Tower defense games can vary from boring to darn fun, the addition of the action RPG elements put Dungeon Defenders firmly in the darn fun category.  It's even more fun with friends and sometimes hilarious.  I played with a friend that was several levels above my character.  At times in the battles I would start to get overwhelmed and ask for help.  Out of nowhere his Huntress would come in with, what I referred to as the "arrow spitter 150," and mow down the hordes to a manageable size.  The nice thing is that even though we were far apart in levels the game seemed to scale for that.

The one thing that Dungeon Defend really nailed down was the multiplayer aspect.  The game is built with it in mind.  The structure of the levels, the ability to just hang out and chat in one person's "Tavern" (hub area), all lend to the "friends hanging out having fun" feel.  Solo the game becomes a real challenge with each characters weakness becoming revealed as the game progresses.

I did come across one problem that stood out.  The opening splash/credit screens and introduction movie seemed to have problems playing sound and video at the same time.  Every time I have opened the game I will either get video with no sound or sound with a black screen.  Thankfully it is isolated to the intros and doesn't affect gameplay.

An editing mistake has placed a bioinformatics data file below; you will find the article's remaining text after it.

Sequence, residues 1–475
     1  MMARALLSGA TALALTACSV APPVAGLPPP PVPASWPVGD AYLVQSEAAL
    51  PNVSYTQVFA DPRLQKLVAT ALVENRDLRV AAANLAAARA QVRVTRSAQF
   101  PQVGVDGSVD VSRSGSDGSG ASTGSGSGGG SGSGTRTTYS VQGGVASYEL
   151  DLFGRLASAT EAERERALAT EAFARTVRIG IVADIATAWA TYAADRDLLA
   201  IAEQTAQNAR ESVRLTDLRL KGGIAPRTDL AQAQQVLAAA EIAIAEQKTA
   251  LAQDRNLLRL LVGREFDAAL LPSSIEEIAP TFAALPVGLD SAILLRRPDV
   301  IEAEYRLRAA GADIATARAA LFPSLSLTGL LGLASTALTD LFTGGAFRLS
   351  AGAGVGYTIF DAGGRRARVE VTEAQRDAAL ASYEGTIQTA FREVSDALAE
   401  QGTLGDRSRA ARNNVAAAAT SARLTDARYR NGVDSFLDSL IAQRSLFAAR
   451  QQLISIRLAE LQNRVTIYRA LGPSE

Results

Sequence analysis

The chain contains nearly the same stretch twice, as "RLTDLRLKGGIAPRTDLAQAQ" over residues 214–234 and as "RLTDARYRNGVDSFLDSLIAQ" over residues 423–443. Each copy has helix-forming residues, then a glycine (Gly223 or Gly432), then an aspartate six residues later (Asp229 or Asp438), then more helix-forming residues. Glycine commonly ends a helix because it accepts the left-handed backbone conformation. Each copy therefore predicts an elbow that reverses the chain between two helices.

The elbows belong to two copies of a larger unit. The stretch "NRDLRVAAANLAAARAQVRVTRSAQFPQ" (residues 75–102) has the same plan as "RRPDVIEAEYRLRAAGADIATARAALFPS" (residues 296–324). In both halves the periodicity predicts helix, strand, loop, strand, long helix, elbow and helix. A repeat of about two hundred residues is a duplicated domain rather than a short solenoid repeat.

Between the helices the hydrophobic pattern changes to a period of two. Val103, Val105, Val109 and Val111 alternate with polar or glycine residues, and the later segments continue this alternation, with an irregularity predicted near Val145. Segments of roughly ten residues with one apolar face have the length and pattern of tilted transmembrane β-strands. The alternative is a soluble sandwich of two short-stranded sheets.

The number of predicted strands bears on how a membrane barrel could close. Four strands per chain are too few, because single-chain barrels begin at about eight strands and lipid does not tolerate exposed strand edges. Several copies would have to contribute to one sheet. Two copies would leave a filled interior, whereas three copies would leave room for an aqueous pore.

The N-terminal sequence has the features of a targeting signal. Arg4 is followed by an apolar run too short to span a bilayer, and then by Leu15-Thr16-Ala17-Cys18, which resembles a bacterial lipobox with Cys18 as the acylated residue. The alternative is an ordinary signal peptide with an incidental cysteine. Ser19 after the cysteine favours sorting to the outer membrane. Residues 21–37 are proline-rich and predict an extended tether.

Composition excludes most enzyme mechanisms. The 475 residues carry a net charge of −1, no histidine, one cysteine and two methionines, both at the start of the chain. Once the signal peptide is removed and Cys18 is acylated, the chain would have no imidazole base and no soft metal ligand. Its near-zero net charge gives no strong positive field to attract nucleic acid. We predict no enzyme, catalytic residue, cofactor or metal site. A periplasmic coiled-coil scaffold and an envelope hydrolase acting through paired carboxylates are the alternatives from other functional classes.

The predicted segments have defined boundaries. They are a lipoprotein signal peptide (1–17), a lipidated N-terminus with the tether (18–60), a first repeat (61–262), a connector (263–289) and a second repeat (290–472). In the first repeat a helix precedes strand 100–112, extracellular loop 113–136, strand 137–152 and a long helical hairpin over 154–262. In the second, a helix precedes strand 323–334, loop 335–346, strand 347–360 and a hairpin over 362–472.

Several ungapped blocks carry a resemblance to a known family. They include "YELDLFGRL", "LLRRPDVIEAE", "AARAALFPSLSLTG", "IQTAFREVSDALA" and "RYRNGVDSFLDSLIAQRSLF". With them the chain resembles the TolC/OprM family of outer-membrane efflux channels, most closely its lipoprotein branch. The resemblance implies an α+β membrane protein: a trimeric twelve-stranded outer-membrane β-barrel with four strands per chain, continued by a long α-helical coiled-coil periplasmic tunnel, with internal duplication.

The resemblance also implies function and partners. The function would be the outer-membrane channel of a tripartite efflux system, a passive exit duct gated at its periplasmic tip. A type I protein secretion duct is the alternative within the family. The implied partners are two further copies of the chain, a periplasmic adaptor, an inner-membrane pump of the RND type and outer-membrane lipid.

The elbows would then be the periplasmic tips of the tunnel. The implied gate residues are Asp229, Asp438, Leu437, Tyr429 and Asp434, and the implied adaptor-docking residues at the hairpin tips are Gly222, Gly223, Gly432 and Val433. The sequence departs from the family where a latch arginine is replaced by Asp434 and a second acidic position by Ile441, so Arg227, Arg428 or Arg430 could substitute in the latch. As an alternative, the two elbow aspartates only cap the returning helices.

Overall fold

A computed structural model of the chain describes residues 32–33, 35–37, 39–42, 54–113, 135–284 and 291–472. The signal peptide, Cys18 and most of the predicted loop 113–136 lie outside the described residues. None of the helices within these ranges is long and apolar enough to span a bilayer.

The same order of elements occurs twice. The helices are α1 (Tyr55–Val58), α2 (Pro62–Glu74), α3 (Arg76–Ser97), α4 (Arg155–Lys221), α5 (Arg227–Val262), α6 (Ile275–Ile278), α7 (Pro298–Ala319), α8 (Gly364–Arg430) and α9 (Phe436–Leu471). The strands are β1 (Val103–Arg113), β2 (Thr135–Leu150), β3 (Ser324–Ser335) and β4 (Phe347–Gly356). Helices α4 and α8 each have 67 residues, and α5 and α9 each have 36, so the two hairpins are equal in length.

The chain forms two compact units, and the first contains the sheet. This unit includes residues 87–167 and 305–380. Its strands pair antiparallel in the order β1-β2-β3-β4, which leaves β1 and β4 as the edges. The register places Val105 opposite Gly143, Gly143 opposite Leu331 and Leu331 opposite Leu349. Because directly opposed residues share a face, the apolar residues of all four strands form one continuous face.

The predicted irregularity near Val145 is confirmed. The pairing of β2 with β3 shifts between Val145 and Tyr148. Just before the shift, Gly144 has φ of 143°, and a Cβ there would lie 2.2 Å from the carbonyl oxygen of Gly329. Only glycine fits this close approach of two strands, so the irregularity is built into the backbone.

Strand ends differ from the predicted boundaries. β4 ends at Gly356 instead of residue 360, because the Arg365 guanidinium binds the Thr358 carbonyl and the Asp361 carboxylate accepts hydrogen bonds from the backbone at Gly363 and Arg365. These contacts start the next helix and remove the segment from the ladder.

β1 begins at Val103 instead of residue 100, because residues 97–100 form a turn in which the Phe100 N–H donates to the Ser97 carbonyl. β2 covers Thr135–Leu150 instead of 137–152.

If you manage to finish all the game's levels it has plenty of replay-ability with each level having multiple difficulty settings and modes.  Not to mention that Trendy has promised plenty of downloadable content (they already have a free set of Halloween downloadable content available that includes new outfits and a level).  And if that wasn't enough Trendy has also included the ability to modify the PC version so players can create their own levels or even "rejigger" the entire game.

Lots of multiplayer fun, cross-platform playability, but a slightly lacking solo side, Dungeon Defenders gets a 4 out of 5. 

Dungeon Defenders is rated E10+ for Everyone 10 and Older for Alcohol Reference, Animated Blood, Fantasy Violence.  It is available now for Windows PC, Microsoft Xbox 360, Sony PlayStation 3, iOS, and Android.

For more information see the Dungeon Defenders web site.